Sometimes, in the heat of an angry moment, it’s best to step back, take a deep breath and think things through before lashing out at the source of your frustration. That’s what the NCAA should have done last Friday following the appearance of USA Today Sports Analyst Danny Sheridan’s with Paul Finebaum on ESPN’s Outside the Lines.
Sheridan was on the show to discuss comments he’d made during earlier appearances on the Paul Finebaum Radio Network, in which he said that sources “inside the NCAA” had given him the name of the person they believed was responsible for payment to Cecil Newton during Auburn’s recruitment of the eventual Heisman Trophy and National Championship winning Quarterback, Cam Newton.
Those statements led to the NCAA enforcement staff requesting an interview with Sheridan last week, an interview that both Sheridan and the NCAA have confirmed. But in the heat of anger, the NCAA released the following statement a few hours after the OTL segment ended. I’ll explain later why I believe that move was a mistake, but here’s the statement again:
Danny Sheridan continues to make vague, unsubstantiated claims without backing them up with proof. Contrary to his claims of having an inside source with details on the Auburn investigation, the NCAA has not provided information to Sheridan or anyone else. As a matter of due diligence, the NCAA spoke with Sheridan this week to determine if he had any facts pertaining to the investigation. Sheridan, however, did not provide any information to the enforcement staff and certainly did not provide a name. Instead, he unsuccessfully attempted to gather information for his own use.
Sheridan’s detractors seized on the statement as a crushing blow to Sheridan’s credibility. No one’s mind will be changed by what I write here about Sheridan’s credibility and there don’t seem to be any fence sitters on that matter.
The Mobile Press-Register’s Randy Kennedy then reported on Sheridan’s response to the NCAA statement with an equally terse retort:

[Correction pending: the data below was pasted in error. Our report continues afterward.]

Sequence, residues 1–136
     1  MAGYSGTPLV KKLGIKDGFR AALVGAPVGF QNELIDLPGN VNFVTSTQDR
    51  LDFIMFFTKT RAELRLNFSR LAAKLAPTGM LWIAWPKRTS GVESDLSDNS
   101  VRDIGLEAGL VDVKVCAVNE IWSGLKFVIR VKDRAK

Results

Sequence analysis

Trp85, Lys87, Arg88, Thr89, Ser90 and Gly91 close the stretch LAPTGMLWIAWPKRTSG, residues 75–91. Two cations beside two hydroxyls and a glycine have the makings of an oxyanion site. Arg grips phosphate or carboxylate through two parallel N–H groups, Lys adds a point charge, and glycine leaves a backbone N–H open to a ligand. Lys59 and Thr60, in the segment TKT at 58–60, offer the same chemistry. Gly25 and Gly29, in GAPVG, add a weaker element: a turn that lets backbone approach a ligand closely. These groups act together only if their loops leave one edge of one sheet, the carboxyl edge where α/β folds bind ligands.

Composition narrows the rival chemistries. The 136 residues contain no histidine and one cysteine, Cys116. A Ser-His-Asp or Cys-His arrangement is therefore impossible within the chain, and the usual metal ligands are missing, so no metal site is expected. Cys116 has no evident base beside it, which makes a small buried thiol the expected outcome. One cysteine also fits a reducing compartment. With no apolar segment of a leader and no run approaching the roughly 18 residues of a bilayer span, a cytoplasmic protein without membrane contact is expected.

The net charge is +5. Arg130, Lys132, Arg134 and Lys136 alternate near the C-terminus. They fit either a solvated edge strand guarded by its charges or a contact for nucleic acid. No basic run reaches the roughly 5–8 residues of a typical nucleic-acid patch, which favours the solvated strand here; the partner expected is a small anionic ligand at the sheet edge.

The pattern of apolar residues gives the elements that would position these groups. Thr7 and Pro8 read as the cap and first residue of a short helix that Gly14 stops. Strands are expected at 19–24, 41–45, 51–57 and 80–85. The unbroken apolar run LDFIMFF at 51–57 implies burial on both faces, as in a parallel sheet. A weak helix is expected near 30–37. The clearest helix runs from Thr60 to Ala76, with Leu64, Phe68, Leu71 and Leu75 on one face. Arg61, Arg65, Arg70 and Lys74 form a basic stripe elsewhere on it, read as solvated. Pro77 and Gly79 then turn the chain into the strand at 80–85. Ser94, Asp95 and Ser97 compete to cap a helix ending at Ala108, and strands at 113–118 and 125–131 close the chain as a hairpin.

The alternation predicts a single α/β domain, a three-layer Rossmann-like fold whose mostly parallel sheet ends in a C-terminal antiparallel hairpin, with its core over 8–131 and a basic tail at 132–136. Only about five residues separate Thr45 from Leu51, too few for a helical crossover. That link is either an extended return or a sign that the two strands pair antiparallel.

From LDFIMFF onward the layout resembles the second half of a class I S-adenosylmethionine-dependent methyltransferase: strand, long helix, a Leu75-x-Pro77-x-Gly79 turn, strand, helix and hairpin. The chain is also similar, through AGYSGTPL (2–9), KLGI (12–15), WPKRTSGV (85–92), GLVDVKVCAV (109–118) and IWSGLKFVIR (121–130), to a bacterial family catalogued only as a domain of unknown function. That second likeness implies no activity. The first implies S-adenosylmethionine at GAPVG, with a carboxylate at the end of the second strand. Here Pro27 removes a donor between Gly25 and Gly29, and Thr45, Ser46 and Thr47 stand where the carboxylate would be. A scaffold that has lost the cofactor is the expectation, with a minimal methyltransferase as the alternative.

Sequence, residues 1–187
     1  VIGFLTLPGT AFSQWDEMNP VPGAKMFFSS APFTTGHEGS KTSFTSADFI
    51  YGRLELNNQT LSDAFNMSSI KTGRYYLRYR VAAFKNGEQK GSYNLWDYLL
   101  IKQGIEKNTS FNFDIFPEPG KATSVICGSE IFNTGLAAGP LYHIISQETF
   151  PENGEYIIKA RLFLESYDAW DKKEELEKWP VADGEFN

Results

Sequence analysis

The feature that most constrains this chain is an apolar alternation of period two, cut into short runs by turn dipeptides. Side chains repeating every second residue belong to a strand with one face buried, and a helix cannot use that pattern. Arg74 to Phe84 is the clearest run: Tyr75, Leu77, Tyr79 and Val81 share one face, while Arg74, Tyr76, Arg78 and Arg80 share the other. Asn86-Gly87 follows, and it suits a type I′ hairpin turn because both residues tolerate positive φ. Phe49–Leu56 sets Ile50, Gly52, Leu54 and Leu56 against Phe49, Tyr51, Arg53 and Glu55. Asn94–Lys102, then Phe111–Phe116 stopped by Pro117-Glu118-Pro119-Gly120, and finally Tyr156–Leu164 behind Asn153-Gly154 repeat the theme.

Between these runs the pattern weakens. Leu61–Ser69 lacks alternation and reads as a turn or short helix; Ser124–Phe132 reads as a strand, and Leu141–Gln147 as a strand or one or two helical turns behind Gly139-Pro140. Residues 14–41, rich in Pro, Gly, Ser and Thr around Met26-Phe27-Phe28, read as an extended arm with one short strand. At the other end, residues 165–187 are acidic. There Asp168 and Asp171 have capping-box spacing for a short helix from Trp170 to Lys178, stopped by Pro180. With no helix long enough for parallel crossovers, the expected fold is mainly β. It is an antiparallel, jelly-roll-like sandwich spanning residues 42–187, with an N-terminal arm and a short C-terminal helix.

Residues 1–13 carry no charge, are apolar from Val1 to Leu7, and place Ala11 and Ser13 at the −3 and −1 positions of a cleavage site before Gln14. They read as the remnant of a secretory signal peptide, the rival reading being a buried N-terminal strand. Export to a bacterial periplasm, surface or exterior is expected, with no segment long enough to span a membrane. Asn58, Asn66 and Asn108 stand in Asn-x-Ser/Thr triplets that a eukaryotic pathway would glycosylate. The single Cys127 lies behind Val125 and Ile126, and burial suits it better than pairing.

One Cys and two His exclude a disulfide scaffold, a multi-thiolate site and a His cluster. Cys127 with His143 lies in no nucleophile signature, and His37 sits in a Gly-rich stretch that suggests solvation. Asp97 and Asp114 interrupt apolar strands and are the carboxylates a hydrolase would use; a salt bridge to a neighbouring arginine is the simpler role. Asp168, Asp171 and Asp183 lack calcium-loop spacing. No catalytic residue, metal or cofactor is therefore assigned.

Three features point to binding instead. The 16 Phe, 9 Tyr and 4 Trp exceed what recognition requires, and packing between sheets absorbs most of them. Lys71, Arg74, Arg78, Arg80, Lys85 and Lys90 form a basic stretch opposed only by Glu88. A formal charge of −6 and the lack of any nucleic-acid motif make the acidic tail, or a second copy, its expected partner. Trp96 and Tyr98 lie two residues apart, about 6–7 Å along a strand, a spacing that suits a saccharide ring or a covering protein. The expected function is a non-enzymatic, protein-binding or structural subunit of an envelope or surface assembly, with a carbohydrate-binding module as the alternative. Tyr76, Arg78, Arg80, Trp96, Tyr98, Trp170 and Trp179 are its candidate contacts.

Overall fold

"The NCAA statement about me is total propaganda and an absolute misrepresentation of the facts. For the record, I do have sources at the NCAA and that's why the organization has chosen to shoot the messenger.
"The NCAA called me through my attorney and requested an interview. I spoke with two NCAA investigators last Wednesday for almost an hour. I was consistent with them as I have been with the media and the public in refusing to divulge my sources.
"I also politely declined to share the name of the individual I have been told gave money to Cecil Newton. For the NCAA to claim I did anything else is specious, deceitful, disingenuous and completely false. I will be happy to take a polygraph test on these specific issues and challenge them to do so as well."
No one’s mind will be changed by what I write here about the NCAA’s credibility and there don’t seem to be any fence sitters on that matter, either. But if you’re keeping score, right now it stands Sheridan 1, NCAA 0.
The NCAA statement is the league’s first on-the-record acknowledgement that there is an active and ongoing enforcement investigation of Auburn University. No ifs, ands or buts about it. The statement doesn’t mention any other schools and it doesn’t limit the scope of the NCAA’s probe of the school to just the Newton case. Kevin Scarbinsky of the Birmingham News notes today that there are at least two other matters being probed by the league, and sourced media reports described an additional matter being looked into down in South Florida as late as June. IBCR has confirmed at least one other matter that was being looked into in Montgomery just last month.
So why was it a mistake for the NCAA to issue that statement? Anyone who’s familiar with the anatomy of an enforcement investigation knows that the league does not publicly comment on ongoing investigations as a matter of NCAA policy. The statement itself—including the key phrase “Auburn investigation”—is a violation of that policy and it has opened the door to a response from the Auburn Defense Team. The school can now publicly demand that the league either issue a Notice of Inquiry or drop the matter, because it is the league—not the school—that has violated a policy intended to protect the integrity of the investigation.
For all intents and purposes, the six-month clock between official notification of an investigation and delivery of a Notice of Allegations (or termination letter) started Friday afternoon. It’s anybody’s guess as to whether the school and its legal team forces this to a head, but it sure seems like an opportunity to push the issue.
The question is, would the school get the outcome it wants?
Exit Question (and answer): Why score it Sheridan 1, NCAA 0? Because Sheridan has forced the hand of the league. He got someone in a position of high authority in the NCAA to lose their cool and step beyond the bounds of the league’s longstanding veil of silence policy.
Whether you believe him or not, you must give him credit for moving the chains on a story that has been closely followed by fans and media in the state, the region and the country for the last 10 months. The story is far from over and the outcome remains in doubt. It’s sure been a source of free blogging here at IBCR.